Alumni Spotlight, People, Student Profile
Dr. Rhyann McKay begins with the question: “How can I help?”
May 3, 2022
Health and Social Development
Health and Exercise Sciences
Okanagan (Kelowna, BC)
PhD, Kinesiology, UBC Okanagan
Bachelor of Human Kinetics, UBC Okanagan
“My heart is in conducting research that can be directly used by the people it impacts. It’s fun and exciting and I’ve found joy and meaning in the work.”
WHEN CIRCUMSTANCES ADVANCE AND CONVERGE BY CHANCE in such a way that an outcome is favourable, we like to call it serendipity. When UBC Okanagan student Dr. Rhyann McKay came across a way to combine her passions for psychology, political science and health, she called it HMKN 421 (Human Kinetics: Advanced Theories of Health Behaviour Change).
“Dr. Heather Gainforth’s course was the first class that tangibly spoke to me,” says Dr. McKay. “It linked my interests in psychology, designing policy and helping people do the things that support their health. Ultimately, it was the health promotion aspect of human kinetics that piqued my interest, and Dr. Gainforth ended up becoming my PhD supervisor.”
The world was Dr. McKay’s oyster coming out of high school, with opportunities at the University of Calgary and the University of Alberta ripe for the picking. However, during a visit with a friend attending UBC Okanagan, Dr. McKay decided where she wanted to pursue her post-secondary education. Although people attend UBCO for a variety of reasons, like being a world-renowned research university, Dr. McKay simply fell in love with the campus.
“It’s just so beautiful,” she says. “The close-knit and collaborative community and intimate learning environments provide opportunities for deep connections with professors and other researchers. As a student your voice is never drowned out like it might be in a class of 500 peers. The close proximity to Big White for snowboarding and Myra Canyon for mountain biking was also very appealing. Looking back, I know I made the right decision.”
She adds that the Centre for Health Behaviour Change, where she spent much of her time, is a special place. “It’s the home of phenomenal researchers and phenomenal women in research like Dr. Gainforth, Dr. Kathleen Martin Ginis and Dr. Mary Jung. I had the opportunity to learn from each of them and they continue to be very important to me.
“My PhD program aimed to develop and examine a behavioural counselling intervention for family support providers of people with spinal cord injury,” says Dr. McKay. A key component of her research was pinpointing behaviours that were impacted when family members or partners were put in a support-providing role. “We looked for enablers to those behaviours we want more of, and for barriers to those behaviours. Then we could address and support those factors through behaviour change techniques.”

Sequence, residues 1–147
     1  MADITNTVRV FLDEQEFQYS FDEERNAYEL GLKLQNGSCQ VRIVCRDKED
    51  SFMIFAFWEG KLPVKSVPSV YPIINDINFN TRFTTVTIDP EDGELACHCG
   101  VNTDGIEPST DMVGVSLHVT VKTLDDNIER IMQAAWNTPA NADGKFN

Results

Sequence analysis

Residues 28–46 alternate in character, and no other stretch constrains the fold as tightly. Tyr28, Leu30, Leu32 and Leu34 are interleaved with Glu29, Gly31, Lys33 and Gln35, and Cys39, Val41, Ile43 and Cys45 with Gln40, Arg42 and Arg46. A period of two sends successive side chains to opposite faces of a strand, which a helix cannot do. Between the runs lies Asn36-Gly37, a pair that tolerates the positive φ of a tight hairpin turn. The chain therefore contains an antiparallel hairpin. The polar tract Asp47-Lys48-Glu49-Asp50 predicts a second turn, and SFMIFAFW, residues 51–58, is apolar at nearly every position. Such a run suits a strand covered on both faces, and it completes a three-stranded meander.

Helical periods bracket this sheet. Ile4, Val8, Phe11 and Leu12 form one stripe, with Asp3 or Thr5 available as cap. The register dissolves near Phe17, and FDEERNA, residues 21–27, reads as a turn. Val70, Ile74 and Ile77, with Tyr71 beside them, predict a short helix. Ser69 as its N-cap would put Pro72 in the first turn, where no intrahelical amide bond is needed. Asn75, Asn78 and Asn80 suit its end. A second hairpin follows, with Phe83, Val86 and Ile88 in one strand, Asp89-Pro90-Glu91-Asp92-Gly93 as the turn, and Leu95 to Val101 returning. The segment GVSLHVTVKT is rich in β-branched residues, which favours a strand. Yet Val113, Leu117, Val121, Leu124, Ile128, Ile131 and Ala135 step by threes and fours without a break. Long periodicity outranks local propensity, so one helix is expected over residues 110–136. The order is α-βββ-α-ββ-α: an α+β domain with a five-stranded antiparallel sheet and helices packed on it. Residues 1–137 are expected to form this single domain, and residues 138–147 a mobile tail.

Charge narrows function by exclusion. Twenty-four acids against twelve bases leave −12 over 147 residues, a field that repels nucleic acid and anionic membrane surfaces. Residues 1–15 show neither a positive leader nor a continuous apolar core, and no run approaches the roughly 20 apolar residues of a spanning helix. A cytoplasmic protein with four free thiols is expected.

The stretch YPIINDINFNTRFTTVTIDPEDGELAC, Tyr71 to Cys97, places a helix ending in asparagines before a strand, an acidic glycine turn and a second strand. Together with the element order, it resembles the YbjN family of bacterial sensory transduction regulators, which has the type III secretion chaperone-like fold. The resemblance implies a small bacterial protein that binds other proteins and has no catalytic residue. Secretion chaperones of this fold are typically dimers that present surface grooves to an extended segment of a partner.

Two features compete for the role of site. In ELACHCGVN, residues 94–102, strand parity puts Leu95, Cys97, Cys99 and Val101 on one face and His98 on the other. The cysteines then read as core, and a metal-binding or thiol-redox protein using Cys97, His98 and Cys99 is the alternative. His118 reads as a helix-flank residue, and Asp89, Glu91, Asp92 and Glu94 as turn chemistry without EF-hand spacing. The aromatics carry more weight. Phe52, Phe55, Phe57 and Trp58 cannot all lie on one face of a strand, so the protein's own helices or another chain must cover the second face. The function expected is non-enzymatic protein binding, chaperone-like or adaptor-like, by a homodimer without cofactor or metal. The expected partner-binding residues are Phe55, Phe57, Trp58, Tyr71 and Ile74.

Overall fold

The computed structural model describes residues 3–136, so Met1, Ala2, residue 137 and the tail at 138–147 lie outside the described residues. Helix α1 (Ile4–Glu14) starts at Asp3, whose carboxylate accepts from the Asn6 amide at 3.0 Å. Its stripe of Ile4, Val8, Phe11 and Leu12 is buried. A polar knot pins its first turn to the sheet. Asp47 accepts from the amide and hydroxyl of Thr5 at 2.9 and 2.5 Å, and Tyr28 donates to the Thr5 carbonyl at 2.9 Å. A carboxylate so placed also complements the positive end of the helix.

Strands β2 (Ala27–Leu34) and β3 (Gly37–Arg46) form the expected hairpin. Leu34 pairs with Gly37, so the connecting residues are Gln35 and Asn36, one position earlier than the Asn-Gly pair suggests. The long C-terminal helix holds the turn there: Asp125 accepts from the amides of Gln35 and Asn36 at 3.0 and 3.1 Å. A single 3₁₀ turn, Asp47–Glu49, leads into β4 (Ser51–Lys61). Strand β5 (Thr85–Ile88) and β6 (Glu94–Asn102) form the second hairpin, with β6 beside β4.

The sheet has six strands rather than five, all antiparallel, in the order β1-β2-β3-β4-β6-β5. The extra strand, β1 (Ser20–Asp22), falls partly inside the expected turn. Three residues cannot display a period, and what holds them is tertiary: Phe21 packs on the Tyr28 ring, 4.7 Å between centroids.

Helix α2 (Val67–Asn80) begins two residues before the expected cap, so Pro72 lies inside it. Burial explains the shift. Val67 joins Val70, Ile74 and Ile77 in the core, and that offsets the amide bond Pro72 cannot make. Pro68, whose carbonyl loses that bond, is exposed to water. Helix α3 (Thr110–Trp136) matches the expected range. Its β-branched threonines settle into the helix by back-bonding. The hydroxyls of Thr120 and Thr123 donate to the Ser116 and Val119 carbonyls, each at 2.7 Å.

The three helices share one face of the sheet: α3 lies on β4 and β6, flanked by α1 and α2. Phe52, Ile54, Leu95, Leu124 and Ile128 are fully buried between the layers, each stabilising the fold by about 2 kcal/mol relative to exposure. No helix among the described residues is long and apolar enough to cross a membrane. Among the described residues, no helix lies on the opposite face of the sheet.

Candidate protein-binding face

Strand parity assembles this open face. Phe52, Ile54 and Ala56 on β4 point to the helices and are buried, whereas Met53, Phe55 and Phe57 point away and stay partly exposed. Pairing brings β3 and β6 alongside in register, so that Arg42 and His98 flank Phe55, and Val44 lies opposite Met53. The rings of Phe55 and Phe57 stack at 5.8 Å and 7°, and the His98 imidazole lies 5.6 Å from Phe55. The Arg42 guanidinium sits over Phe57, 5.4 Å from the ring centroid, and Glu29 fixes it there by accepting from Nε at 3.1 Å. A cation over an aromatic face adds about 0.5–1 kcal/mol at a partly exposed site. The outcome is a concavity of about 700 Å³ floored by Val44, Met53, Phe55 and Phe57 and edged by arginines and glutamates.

Some of those techniques include goal setting, action planning and problem solving, which aim to address hurdles like managing time and competing priorities. The end product of Dr. McKay’s program was a behavioural counselling intervention that addressed self-care behaviour. “This could be anything that people do for themselves and no one else, from the most basic, like bathing and socializing, to getting out and exercising.”
Dr. McKay is a firm believer that research should start with the question: How can I help? During her study, she interviewed many families and partners of people with spinal cord injury who identified the need for additional tools and sources of support. “That was when I knew I was on the right track,” she says.
“Through an integrated knowledge translation approach, we equitably and meaningfully partner with people who will use the research in the end,” explains Dr. McKay, who conducted her study in partnership with Spinal Cord Injury BC, Spinal Cord Injury Alberta and Spinal Cord Injury Ontario. “These are pivotal organizations that support persons with spinal cord injury and their families, and were very instrumental during my research.” She adds: “The mentorship I received from members of these organizations was critical beyond academia.”
Dr. McKay has been recognized with UBC Okanagan’s Student Researcher of the Year award for her leading-edge research in partnership with provincial spinal cord injury organizations across Canada to co-develop behaviour change interventions.
“When I was deciding what to do after my undergrad, a mentor told me how important it was to find my joy,” Dr. McKay says. “They suggested I follow my passion and do what makes me truly happy. My heart is in conducting research that can be directly used by the people it impacts. It’s fun and exciting and I’ve found joy and meaning in the work.”